Sticks and Stones

Although this hasn’t happened to me recently, it’s still on my mind because i’ve seen (or more accurately heard) this going on far too often.

I’ve said it once and i’ll say it again: Sticks and stones will break your bones, and words scar souls forever. I don’t believe in the version that says “but words will never hurt me” because it simply isn’t true – words have an immense impact, especially on people who value other’s opinions.

I think all of us are guilty of this kinda thing at one point of time or another – myself no exception. We all say things that we think are helpful and honest-to-self, what we feel is the right thing to say, without considering how the other person would feel when we say it. It could even be a joke, unintentional ribbing, or as blatant as a chiding, scolding, slamming or utter insult. My stand is: if it’s sensitive to the other person, don’t touch it. Or if you do, recognize the impact that you make. I would think that most people who recognize the impact won’t even touch it in the first place.

Some things are wrong, and they need to be corrected – that’s a truth of life. But i always believe that there are ways to go about it without making the other person feel inferior/inadequate. As far as i’m concerned, the only person i’ll ever do that to is myself, and that partly because i tend to be harsh on myself (the alternative is that i’ll be too soft and that’s bad for myself). Isn’t it much more loving to make your point of view and opinion known to the other person and have a discussion/debate (albeit not a heated one) about whose way might be better? Furthermore, it may open up new perspectives that one party had never thought of; in which case the misconstrued “wrong way” would simply be an innocent and perfectly forgivable oversight on the party’s experience.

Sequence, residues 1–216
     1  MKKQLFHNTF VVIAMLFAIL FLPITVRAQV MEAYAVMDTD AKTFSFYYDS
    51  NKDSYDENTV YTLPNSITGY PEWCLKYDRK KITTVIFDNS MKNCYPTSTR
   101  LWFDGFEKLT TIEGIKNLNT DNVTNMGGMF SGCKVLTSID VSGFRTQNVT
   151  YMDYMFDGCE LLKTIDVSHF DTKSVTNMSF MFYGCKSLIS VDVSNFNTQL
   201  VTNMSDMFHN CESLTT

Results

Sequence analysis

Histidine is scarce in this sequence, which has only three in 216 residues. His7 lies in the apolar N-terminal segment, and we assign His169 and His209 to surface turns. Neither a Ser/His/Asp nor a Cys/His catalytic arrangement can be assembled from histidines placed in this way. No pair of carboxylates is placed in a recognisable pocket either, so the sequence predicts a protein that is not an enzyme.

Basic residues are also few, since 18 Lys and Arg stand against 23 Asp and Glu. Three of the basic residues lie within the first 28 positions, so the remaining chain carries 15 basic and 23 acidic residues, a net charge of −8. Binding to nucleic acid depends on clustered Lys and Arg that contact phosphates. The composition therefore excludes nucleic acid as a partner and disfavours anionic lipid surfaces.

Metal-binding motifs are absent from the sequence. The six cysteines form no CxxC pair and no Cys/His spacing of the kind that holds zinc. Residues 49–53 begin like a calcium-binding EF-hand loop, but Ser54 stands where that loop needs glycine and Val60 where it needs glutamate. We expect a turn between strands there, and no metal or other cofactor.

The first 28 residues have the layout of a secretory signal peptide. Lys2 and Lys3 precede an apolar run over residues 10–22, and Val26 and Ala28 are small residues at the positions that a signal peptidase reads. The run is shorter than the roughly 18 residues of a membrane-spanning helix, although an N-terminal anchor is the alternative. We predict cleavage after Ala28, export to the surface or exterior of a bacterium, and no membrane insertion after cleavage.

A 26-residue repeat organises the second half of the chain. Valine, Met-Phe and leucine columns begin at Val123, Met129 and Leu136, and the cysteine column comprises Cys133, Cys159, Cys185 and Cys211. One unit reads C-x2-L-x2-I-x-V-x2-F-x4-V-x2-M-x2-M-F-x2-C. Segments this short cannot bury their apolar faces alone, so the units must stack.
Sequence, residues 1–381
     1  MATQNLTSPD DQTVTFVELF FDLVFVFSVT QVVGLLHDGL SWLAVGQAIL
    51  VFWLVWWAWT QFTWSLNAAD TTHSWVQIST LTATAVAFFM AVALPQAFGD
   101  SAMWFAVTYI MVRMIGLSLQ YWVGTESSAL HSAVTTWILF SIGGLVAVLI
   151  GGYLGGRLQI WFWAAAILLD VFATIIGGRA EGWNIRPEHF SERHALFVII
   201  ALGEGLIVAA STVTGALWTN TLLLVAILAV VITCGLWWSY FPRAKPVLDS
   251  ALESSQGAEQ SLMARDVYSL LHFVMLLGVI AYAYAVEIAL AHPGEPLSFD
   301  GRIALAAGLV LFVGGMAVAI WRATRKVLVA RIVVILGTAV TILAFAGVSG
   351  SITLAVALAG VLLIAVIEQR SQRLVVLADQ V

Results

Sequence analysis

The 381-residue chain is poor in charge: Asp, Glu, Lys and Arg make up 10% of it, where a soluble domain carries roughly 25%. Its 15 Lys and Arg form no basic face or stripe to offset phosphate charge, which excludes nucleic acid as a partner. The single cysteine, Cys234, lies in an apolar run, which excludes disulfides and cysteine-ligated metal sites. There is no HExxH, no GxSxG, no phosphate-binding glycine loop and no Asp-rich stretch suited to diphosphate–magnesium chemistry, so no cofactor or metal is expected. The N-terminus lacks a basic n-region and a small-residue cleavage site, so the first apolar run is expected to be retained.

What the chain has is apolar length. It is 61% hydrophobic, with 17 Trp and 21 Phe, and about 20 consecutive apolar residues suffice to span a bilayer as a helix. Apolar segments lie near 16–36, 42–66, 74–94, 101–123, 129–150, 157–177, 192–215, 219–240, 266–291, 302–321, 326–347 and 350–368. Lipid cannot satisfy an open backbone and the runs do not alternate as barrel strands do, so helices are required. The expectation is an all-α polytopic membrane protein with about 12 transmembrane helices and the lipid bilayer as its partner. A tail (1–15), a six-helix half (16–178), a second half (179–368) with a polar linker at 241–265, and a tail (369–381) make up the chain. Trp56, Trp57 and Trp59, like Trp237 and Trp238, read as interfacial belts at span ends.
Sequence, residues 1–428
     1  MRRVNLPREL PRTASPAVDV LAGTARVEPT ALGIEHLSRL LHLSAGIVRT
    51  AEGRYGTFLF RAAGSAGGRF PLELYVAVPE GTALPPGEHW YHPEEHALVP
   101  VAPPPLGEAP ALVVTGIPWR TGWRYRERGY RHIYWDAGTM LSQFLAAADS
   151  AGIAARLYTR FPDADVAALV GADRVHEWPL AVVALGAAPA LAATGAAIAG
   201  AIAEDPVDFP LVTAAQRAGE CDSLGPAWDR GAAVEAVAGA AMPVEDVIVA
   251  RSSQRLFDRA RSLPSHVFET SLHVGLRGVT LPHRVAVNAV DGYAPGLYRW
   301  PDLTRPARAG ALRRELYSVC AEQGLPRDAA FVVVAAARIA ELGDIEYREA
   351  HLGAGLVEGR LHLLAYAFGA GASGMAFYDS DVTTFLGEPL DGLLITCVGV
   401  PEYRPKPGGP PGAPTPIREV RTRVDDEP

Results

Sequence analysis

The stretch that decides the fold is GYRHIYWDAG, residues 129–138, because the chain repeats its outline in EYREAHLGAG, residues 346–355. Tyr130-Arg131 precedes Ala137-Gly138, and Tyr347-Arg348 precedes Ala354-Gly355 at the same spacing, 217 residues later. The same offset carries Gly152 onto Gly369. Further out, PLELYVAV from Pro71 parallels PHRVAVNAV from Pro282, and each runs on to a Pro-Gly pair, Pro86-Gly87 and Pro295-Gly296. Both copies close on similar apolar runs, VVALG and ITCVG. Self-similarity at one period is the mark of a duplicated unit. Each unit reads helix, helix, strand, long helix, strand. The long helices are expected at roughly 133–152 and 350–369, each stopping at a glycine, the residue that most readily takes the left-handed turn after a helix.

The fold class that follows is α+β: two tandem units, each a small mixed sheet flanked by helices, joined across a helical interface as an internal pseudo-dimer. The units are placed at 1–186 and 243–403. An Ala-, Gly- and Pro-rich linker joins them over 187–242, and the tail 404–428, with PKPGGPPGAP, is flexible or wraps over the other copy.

I do believe that tekan-ing works, and it does. I just don’t believe that it’s the best way. How can it be, when it fosters negative emotions and causes the person to do it to avoid hearing more of the same from the other party tekan-ing him? There’s no dedication in that, and for those of you who say that you should be dedicated enough to what you are doing in the first place so the tekan-ing has no impact on you, i’d like to see you work in the future. Or better still, go through army.